- Associated Press - Saturday, June 27, 2015

KANSAS CITY, Mo. (AP) - Some Kansas City Power & Light customers say a program that compares their energy use with their neighbors’ is a form of “energy shaming” that doesn’t help make homes more energy efficient.

But a KCP&L; executive defends the Home Energy Report pilot program, saying the critics are a vocal minority and most customers appreciate receiving reports that detail their homes’ energy use and offer tips for being more efficient, The Kansas City Star reported (http://bit.ly/1dfRmYt ).

Under the program, customers get an outline of their efficient energy consumption goals and a comparison of their energy use with that of 100 neighbors with similar-sized homes. The reports also offer tips on how to save energy.

Susanne McDaniel of Kansas City said she carefully monitors her energy consumption and the reports note that few of her neighborhood’s homes are energy efficient.

“I know I’m doing the best that I can,” she said. “I think they’re a waste of paper and a waste of postage.”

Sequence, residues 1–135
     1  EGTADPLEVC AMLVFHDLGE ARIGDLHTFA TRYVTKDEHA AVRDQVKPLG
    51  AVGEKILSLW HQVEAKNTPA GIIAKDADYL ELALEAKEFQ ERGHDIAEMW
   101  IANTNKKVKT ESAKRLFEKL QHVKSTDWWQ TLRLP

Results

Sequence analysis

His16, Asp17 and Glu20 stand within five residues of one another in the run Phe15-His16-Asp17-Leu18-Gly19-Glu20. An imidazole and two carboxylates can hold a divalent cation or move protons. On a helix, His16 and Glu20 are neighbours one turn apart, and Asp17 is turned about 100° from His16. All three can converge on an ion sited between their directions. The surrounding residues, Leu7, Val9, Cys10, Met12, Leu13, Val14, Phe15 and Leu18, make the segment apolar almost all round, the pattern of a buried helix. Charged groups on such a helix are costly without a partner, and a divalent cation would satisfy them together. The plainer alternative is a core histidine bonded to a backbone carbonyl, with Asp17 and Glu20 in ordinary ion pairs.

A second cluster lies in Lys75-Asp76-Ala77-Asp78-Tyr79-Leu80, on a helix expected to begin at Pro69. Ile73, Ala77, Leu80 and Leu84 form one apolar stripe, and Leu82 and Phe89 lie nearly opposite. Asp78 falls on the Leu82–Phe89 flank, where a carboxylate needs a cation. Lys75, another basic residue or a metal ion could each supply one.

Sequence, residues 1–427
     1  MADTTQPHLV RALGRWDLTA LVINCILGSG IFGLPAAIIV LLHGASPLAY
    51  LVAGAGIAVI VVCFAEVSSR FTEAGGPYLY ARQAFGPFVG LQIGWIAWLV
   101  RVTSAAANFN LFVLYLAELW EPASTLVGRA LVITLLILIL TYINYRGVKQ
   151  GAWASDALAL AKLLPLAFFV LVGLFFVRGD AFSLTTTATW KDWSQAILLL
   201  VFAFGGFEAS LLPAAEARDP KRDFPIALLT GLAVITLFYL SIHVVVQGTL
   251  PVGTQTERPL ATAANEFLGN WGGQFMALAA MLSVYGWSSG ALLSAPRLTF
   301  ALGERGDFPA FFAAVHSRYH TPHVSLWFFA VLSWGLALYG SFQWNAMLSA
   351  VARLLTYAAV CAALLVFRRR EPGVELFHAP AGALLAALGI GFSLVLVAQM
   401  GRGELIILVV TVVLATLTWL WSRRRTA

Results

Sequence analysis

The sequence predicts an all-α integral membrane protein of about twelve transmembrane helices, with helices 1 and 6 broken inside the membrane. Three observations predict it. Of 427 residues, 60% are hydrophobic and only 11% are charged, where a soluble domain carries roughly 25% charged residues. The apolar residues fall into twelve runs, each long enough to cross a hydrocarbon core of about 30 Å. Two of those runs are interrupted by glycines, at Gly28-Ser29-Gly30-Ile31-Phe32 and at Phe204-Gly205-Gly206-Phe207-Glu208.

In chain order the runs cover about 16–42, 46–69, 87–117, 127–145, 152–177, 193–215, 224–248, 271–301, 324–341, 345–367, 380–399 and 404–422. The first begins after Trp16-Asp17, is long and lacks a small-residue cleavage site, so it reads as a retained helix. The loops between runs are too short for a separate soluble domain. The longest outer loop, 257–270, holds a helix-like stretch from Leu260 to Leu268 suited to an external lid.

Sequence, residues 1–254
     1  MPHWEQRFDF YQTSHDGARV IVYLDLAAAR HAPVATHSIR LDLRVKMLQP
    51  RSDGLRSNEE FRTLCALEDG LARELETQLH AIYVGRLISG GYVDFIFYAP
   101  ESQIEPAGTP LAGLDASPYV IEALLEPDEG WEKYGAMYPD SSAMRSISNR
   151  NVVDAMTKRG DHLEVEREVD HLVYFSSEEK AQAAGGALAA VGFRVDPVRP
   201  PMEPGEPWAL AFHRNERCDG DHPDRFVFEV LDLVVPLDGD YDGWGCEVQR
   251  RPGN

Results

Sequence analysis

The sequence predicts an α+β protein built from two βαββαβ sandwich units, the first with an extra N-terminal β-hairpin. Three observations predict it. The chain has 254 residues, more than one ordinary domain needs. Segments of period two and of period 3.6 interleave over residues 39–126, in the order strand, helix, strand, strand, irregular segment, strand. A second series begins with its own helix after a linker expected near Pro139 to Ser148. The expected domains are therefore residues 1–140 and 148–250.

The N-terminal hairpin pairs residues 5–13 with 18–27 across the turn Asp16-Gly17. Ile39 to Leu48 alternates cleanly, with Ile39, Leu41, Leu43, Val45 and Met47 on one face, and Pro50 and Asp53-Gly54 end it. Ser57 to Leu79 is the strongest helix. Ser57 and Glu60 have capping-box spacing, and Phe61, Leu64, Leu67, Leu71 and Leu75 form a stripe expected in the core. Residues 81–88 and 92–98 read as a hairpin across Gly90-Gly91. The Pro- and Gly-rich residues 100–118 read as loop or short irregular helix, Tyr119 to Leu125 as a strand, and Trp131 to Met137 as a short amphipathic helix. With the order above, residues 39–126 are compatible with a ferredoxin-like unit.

Brian File, senior manager of products and services with KCP&L;, said the utility believes the program is a success because it reminds people about their energy use and allows them to take action. He said only 0.6 percent of customers in the program have chosen to drop it. About 175,000 Missouri customers receive home energy reports roughly every other month.

“We think that’s really pretty good from an overall satisfaction perspective,” File said.

Cindy Tully of Kansas City said the program can be unfair because of the differences in home sizes and the ages of appliances used in the homes. She said she has a reasonable utility bill for her home’s size and she’s not sure what the utility expects homeowners to do to save energy.

“We all know that we’re leaking energy,” Tully said. “That’s really a downer for a lot of people who are trying to do the best they can. “

File said customers who aren’t satisfied with their home energy report can go online and change their comparison criteria, which would help the utility refine the reports.

The program is not available in Kansas, although KCP&L; is considering expanding it.

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Information from: The Kansas City Star, http://www.kcstar.com

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